Last month I wrote about how Texas employers can require employees to repay the employers’ training expenses related to those employees, even if that means repaying an equivalent of 1/3 of an employee’s salary. I culminated my article cautioning the companies to make sure that their repayment requirements in the employment agreements do not violate the Texas Free Enterprise and Antitrust Act of 1983.
Later the same week, the Houston Court of Appeals found that Buc-ee’s did just that by requiring its assistant manager to repay more than $66,000 in salary for leaving her at-will job to go work for another company, which was not even a competitor of Buc-ee’s.
Here’s a quick look at what Buc-ee’s did, what the Court of Appeals thought of it, and the lessons that Texas employers can take away from this case.
Buc-ee’s’ Employment Agreements
In 2009, Rieves came to work as an assistant manager for Buc-ee’s. The wages arrangement was such that 70% of her salary would be paid on hourly basis and 30% would be paid in flat fee, translating into $14 an hour and a fixed monthly bonus of $1,528.67 (the “Additional Compensation”).
This 2009 Employment Agreement specifically said that Rieves was an “at-will employee” but also stated that she was “required to work” for Buc-ee’s a minimum of five years and had to provide the employer with a 6-month written separation notice. If she failed to meet these two requirements, regardless of the reason, she had to repay all of the Additional Compensation.
In 2010, Rieves entered into a new employment agreement with Buc-ee’s that contained similar requirements (4 year term and 6-month separation notice) and stated that if Rieves left before 2014, she had to repay a portion of her salary under the 2010 Employment Agreement and the Additional Compensation under the 2009 Employment Agreement. Thus, under the 2010 Employment Agreement, the longer Rieves worked for Buc-ee’s, the more of her salary she would have had to pay back.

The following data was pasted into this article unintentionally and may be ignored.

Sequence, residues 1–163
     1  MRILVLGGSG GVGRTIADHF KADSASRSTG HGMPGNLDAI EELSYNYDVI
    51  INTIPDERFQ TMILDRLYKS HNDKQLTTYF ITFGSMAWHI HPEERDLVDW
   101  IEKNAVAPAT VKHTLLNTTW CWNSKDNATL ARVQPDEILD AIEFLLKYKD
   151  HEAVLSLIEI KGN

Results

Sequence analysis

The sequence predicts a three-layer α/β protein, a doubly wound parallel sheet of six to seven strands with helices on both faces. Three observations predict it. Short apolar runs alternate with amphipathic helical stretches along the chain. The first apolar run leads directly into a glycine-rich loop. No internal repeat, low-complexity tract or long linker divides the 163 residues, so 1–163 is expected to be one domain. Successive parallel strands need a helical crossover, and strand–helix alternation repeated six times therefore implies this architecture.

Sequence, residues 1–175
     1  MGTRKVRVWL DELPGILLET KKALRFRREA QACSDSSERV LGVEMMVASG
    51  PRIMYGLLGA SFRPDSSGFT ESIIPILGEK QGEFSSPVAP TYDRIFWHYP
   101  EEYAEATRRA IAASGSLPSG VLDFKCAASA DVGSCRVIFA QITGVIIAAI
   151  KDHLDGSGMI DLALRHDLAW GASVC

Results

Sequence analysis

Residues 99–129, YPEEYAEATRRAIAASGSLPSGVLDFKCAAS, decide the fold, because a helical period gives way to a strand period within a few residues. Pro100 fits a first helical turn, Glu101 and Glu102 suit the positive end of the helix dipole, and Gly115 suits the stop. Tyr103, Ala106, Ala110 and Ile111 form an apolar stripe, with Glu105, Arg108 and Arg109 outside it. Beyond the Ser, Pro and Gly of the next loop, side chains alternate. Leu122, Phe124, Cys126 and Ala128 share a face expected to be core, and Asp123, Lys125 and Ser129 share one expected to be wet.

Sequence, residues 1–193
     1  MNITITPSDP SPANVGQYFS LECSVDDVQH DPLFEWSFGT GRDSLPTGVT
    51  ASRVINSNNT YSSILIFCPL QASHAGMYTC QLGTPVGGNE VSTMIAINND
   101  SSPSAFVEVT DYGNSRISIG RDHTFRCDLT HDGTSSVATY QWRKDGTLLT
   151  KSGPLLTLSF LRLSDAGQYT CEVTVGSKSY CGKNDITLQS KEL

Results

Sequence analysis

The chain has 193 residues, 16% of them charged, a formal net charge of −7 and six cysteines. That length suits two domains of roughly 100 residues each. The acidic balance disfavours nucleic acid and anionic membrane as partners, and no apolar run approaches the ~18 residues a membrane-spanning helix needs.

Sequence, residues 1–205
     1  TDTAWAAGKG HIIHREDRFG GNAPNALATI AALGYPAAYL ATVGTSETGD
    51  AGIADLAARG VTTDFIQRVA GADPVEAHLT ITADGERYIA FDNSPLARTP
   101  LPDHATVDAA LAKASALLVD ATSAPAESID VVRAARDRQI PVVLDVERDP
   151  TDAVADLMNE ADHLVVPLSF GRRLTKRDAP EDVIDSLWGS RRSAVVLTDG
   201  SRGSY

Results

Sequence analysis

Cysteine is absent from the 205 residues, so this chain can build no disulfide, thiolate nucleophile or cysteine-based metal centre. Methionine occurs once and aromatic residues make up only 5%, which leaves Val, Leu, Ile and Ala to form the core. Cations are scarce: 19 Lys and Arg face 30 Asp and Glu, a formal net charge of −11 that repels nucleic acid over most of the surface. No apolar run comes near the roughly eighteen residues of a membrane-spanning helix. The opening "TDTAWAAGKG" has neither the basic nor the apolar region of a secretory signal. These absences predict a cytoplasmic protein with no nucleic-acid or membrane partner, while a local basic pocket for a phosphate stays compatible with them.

The Court of Appeals’ Analysis
In looking at the employment agreements, the Court first and foremost noted that Rieves was an “at-will employee,” which, under the long-standing doctrine in Texas, meant that her employment could be terminated by her or Buc-ee’s for good cause, bad cause, or no cause at all.
Furthermore, the repayment provisions in Rieves’s employment agreements imposed a severe economic penalty on her if she exercised her right as an at-will employee to leave Buc-ee’s. Therefore, these provisions had to comply with the Texas Covenants not to Compete Act in order to be enforceable. They did not.
The repayment provisions penalized Rieves even if Buc-ee’s fired her without a cause and they were not related to Buc-ee’s legitimate business interest because they penalized Rieves even if she went to work for a company that was not Buc-ee’s competitor. Therefore, the repayment provisions were an unfair restraint of trade in violation of the Texas Free Enterprise and Antitrust Act and were not enforceable.
The Lessons for Texas Employers
While Texas recognizes the freedom of parties to contract, employers cannot enter into contracts that are illegal. Under the Texas Free Enterprise and Antitrust Act, “every contract, combination, or conspiracy in restraint of trade or commerce is unlawful.” Non-competition agreements that are reasonable and are designed to protect a legitimate business interest are an exception to the rule. Any other restraint in an employment agreement that prohibits an at-will employee from leaving his or her current employer or restricts such employee’s ability to sell his or her skills in the marketplace is likely to violate the Texas Free Enterprise and Antitrust Act.
Leiza litigates non-compete and trade secrets lawsuits in a variety of industries. If you are a party to a dispute involving a noncompete agreement in Texas, contact Leiza at Leiza.Dolghih@lewisbrisbois.com or (214) 722-7108 or fill out the form below.